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  • Writer's pictureMatthew Olwell

How To Vacuum Test A Flute

When doing repairs or checking the fit of plugs, pads, and cork, we use a simple test in the workshop to check for leaks and ensure that the various parts of a flute are airtight. The good news is, you don't need to be a skilled repair tech to do this at home, and anyone can learn to diagnose a leaky flute part.


You can do this test on any section of a flute, and while we use it most often to check a head-joint for leaks, it also works to check for leaking pads.


It's best to check each piece separately. For instance, to check a headjoint, remove the barrel and hold the head with a thumb or forefinger over the embouchure and place your lips on the metal tube end. Draw air out of the tube to create a partial vacuum, and keep the seal with your lips or tongue. You should be able to feel the resulting pressure as air tries to get back into the tube. After a few seconds, remove your lips, and there should be a slight "pop" as the pressure equalizes. If the tube is leaking, you won't be able to maintain this vacuum, or it won't hold for long and you'll feel the pressure reduce as air passes back into the head through the leak.

 

It's possible for a head to leak either around the plug or between the metal of the head tube and the wood of the headjoint, so if you detect a leak, the next step is to ascertain where the leak is coming from. To do this, remove the end cap and cover the end of the head tube with the palm of your hand so that the end is sealed, keep the mouth hole covered as well, and repeat the above suction test. If the leak is no longer detectable, it's likely that simply replacing the plug will solve the problem. If on the other hand, the leak is still present, a more delicate repair to seal the head tube may be needed. Our plugs (which are carefully fitted and faced with sheet cork) are very unlikely to leak so if a head is leaking, there's a good chance that the latter situation is to blame, with air leaking between the tube and wood of the head.


To check a midsection or footjoint for leaking pads, it is necessary to cover all the holes and repeat the suction test as above. With a one-piece midsection this is a little tricky, as you'll need both hands to cover the finger holes, so you'll have to either enlist a friend to help by covering the bottom of the midsection, push it against the bare skin of your leg to seal the end, or seal it in some other way. If you find a leak, it's probable that one of the key pads is not sealing properly and may need to be replaced, or that one of the springs needs to be adjusted.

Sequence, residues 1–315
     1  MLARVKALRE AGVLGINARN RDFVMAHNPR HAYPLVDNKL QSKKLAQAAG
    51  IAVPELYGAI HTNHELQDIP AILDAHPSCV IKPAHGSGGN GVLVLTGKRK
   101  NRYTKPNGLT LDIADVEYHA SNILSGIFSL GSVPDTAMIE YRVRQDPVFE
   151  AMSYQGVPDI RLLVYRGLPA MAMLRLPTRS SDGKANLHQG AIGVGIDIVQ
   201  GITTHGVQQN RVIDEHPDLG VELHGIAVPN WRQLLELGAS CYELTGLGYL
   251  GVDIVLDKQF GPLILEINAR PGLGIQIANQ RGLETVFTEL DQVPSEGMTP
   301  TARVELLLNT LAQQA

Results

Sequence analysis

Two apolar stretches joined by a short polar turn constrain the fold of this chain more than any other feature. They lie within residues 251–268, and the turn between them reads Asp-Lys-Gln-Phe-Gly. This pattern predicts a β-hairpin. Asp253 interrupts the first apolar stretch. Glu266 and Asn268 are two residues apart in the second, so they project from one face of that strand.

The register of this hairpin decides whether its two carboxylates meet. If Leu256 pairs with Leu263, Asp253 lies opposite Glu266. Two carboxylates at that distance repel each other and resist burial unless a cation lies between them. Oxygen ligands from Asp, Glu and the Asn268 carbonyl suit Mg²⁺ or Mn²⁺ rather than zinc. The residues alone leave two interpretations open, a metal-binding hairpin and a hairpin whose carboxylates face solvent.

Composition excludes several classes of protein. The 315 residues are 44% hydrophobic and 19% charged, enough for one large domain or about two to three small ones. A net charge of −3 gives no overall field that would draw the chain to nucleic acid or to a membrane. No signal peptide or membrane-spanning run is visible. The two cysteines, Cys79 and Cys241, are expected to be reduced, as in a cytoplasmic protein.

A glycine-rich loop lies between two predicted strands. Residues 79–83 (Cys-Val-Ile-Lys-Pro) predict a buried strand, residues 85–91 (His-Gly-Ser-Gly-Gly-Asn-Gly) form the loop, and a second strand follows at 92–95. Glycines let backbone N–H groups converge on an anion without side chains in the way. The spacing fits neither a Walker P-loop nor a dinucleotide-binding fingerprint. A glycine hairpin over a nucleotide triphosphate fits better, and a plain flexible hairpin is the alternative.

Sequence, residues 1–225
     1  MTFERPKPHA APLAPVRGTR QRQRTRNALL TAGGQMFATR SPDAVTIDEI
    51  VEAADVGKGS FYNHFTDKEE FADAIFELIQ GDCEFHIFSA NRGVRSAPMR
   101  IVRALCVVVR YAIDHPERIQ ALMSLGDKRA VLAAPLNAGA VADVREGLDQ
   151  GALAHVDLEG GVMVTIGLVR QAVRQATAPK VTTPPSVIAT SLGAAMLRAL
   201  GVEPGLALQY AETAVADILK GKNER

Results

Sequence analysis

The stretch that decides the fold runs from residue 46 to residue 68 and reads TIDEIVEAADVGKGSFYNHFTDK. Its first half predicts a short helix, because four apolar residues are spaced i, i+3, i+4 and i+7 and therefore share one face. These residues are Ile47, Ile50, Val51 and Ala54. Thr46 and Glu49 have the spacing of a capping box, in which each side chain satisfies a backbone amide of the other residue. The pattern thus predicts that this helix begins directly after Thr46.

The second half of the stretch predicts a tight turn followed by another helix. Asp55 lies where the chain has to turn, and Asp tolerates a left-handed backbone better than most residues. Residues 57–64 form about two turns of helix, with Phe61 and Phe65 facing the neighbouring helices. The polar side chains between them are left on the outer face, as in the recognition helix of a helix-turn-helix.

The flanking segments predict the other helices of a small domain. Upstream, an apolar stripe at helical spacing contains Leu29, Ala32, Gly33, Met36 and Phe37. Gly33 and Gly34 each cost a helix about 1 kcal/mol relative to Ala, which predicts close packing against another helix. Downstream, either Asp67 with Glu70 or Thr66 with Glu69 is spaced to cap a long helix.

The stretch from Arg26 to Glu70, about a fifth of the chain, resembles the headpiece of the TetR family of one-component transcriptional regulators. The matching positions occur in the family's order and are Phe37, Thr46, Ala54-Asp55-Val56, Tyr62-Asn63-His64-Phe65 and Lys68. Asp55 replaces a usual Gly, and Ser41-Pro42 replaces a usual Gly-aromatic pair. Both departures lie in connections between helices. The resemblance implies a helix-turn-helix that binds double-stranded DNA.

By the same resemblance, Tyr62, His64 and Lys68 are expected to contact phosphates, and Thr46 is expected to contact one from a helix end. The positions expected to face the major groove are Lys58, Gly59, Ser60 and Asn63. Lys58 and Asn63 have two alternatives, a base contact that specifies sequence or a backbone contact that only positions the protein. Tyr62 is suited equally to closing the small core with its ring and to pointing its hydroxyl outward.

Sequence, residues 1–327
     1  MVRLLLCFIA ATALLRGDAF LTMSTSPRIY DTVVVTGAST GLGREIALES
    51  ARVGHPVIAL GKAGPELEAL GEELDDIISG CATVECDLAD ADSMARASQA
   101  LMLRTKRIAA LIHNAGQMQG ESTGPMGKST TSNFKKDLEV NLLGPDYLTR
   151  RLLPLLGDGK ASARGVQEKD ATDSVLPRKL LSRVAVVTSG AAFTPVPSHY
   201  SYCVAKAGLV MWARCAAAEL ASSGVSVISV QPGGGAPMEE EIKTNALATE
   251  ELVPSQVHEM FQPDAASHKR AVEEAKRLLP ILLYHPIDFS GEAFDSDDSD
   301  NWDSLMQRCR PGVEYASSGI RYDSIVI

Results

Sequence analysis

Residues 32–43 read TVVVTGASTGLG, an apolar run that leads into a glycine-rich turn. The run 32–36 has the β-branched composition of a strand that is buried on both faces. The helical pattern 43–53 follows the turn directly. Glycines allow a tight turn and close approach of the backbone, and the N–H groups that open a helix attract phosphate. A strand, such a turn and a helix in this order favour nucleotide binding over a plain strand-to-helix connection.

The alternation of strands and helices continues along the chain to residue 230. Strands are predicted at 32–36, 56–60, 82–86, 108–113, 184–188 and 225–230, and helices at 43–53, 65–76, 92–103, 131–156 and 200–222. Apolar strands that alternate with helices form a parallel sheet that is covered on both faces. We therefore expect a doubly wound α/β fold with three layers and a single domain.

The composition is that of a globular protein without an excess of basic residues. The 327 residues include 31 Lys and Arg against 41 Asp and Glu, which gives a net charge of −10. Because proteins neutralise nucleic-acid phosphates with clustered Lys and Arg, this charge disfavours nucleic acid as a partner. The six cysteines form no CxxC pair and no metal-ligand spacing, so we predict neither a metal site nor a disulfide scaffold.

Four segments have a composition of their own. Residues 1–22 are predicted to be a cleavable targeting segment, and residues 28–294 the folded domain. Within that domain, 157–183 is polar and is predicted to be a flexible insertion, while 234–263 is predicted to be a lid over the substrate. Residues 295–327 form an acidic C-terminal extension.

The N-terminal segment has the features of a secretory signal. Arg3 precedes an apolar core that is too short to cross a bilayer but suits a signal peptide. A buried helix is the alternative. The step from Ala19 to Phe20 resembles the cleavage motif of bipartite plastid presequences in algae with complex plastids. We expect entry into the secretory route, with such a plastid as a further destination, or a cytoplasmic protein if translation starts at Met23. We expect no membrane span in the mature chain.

Related Notes on Oiling:

It is possible for congealed oil and dust to get into a keyway (especially if you're over-oiling your flute) and cause the key to bind in the slot so that it is not able to freely return to a closed position as it should, which can cause a leak. It's a good idea to familiarize yourself with the action of the keys so that you can feel the difference when a key is binding in the slot.


When oiling a flute—generally inside only and no more often than needed—it's important not to over-do it. It's best to do this before playing the flute rather than after, so that the bore isn't saturated with moisture from playing. Aim for a light coat of oil that is not enough to run down the bore or cause drips. If you sight down the bore against a bright light, it should look shiny after oiling (in contrast to the dull, dry, matte look before oiling). Let it sit for a few minutes, then use a dry rag or paper towel on a cleaning rod to swab out any excess that could build up on the bore and the recesses that the keypads hit. We recommend almond or olive oil rather than bore oil. Petroleum-based bore oil is supposed to be non-hardening, but we have had some customers complain that it has built up on the bore and gummed up the keys and/or pads.


Here's an example of a flute that has been over-oiled and the keys not removed or protected from the oil:




You can see above how the oil has built up on the pad, interfering with the sealing action of the key, which is why is is a good idea to remove the keys when oiling, or to protect them with a twist of plastic wrap until you've allowed the oil to soak into the bore and then swabbed out the excess:





We hope this description will be helpful in explaining the process of a "vacuum test" and enable you to check your flute for leaks if something doesn't feel right. Happy fluting, and as always, drop us a line if you have a question!


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